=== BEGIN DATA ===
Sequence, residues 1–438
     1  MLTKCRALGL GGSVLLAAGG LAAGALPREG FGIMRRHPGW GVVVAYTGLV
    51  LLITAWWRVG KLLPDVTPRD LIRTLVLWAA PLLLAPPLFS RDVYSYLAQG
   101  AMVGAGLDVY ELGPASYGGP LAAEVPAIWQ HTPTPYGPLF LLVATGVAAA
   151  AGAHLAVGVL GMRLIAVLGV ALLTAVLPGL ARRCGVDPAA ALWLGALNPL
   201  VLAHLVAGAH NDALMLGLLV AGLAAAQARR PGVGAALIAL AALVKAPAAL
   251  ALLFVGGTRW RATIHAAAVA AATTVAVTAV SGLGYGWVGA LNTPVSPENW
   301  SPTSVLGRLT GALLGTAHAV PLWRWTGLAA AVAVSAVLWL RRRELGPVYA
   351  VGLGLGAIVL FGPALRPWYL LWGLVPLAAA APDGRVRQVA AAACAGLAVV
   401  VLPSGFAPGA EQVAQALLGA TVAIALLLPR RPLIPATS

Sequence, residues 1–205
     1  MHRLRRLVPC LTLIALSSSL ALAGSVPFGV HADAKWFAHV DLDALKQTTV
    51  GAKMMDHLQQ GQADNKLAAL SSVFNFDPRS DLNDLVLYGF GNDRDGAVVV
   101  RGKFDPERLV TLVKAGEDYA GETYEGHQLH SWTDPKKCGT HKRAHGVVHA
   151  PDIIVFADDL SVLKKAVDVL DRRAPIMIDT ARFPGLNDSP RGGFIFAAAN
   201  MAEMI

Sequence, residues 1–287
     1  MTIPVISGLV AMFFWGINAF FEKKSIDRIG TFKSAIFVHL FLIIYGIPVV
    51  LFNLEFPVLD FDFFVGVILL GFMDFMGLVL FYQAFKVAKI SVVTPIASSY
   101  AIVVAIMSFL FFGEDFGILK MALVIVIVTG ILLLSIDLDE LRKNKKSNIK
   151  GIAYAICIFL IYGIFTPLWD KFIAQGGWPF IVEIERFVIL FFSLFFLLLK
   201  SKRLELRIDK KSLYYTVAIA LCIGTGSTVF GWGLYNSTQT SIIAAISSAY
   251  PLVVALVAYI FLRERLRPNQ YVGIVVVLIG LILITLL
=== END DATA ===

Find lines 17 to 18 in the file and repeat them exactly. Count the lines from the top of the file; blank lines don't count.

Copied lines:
Sequence, residues 1–287
     1  MTIPVISGLV AMFFWGINAF FEKKSIDRIG TFKSAIFVHL FLIIYGIPVV